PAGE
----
Music: Teacher Planning – 'African Drumming' unit.

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  • Author :  admin
  • Date :  Feb 05, 2013
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Teachers may wish to use a concept map to initiate an overview of the package to create links between various curriculum areas and general capabilities. A sample concept map for this package is provided as a supporting document. Concept maps are freely available on the internet or easily created within most word processors.

The lesson plan below outlines seven key episodes, delivered over six weeks.

  1. In the first 45-minute station-based lesson, the students are: a) introduced to the African djembe drum and its origins, design and uses through a guided internet-based web quest activity; and b) tasked with constructing a miniature working model of a djembe to facilitate practice, composition and sharing of performances outside of the school in students' communities and homes.
  2. After the introduction, a 45-minute group ensemble lesson sees students perform two African rhythms, both separately and in unison. Students also practise responding to their performance through giving and receiving positive and constructive feedback. Students are given the opportunity to problem-solve common issues of tonal balance, timing and performance speed. In this lesson, a 15-minute extension activity (the Year 6 graduation song) is also introduced. Students select their end-of-year assembly graduation song and consider composing rhythmic accompaniment to the song.
  3. A 45-minute lesson then introduces students to a basic notation system. Students use this system to notate both of the rhythms performed in lesson 2. Students are then tasked with thinking critically and creatively to design their own notation system, notate the rhythms using an existing system and, as an extension activity, compose an original two-bar A repeating musical pattern (melodic or rhythmic). that could accompany the rhythms.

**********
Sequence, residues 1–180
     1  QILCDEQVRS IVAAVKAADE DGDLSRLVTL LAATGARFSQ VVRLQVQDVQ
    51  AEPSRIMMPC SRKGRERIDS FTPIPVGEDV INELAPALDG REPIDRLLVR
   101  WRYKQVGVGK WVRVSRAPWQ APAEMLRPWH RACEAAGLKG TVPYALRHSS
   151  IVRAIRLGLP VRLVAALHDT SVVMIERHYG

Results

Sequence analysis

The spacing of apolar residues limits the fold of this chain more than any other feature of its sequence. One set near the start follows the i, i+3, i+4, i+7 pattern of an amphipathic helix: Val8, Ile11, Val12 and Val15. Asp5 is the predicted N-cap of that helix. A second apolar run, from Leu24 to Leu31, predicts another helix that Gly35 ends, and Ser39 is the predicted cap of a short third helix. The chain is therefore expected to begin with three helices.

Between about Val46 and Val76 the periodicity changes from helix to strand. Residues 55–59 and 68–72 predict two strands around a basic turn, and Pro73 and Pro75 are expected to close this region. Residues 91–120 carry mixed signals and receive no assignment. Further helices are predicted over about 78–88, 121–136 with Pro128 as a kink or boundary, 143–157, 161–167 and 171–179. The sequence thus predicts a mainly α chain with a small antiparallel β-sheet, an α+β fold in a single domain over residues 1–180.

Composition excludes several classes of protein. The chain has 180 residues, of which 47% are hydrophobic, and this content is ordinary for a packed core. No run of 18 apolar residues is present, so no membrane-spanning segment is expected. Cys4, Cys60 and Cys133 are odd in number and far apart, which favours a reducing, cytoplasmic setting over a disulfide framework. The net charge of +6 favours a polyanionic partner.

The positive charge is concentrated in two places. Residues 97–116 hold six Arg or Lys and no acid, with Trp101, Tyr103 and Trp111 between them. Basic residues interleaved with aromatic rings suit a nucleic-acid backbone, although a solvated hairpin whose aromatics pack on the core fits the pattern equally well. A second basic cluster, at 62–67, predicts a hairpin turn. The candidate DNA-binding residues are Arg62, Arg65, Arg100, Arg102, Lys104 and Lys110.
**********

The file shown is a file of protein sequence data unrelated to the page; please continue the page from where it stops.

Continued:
4. In this 45-minute lesson, a guest musician (in this case, the artistic director of the Darwin Symphony Orchestra) presents real samples of percussive notation, demonstrates and discusses the use of music-composing software and proposes some strategies for both responding to and giving feedback in the context of a community-based orchestra. Students also have the opportunity to perform rhythms and their original ostinato compositions, with feedback provided by the guest musician and/or their peers. A 15-minute extension activity where students practise rhythms in time with their Year 6 graduation song is also included in this lesson.
  5. A 120-minute 'bring your class' field trip excursion to the Technology Learning Centre provides the students with an opportunity to use recording and sampling software. They learn about composing ostinatos and exploring the use of audio loops to create rich, percussive and melodic compositions. Both the specialist music and generalist teachers accompany the students and receive mentoring in the use of PC recording software and iPad applications. Students self-assess and peer-check their skills growth using a skills checklist (see Audacity skills and Sampler skills checklists).
  6. Following the field excursion, a 45-minute lesson gives students the chance to practise using recording software and to notate and finalise their two-bar ostinatos to prepare for individual or small group performance in the final lesson. Once the ostinato is successfully notated, students get an opportunity to record each other's compositions. This recording is collected for assessment purposes. Within this lesson, the teacher also organises final performances and assesses djembe rhythm performance using an observational teacher checklist. A sample teacher checklist is provided as a supporting document to this package.
  7. In this last 45-minute lesson, students show their notated two-bar ostinato and perform it either independently or in small groups. They practise receiving and giving positive and constructive feedback. In addition, students reflect upon how it feels to receive feedback and note both positive and constructive comments received. A 15-minute extension activity where students practise rhythms in time with their Year 6 graduation song is also included in this lesson.

Additional opportunity: At week 9, students may elect to perform rhythmic accompaniment to their graduation song at the year-end assembly.

The video on this page features pre- and post-lesson interviews with the Year 6 music teacher. She describes the package, how the package is linked to the Australian Curriculum, the context and make-up of the class, adjustments made to address student diversity and changes to her own teaching practice. To assist teachers seeking to implement a similar package and/or implement the Australian Curriculum more broadly, this package also includes:

This project is funded by the Australian Government Department of Education, Employment and Workplace Relations.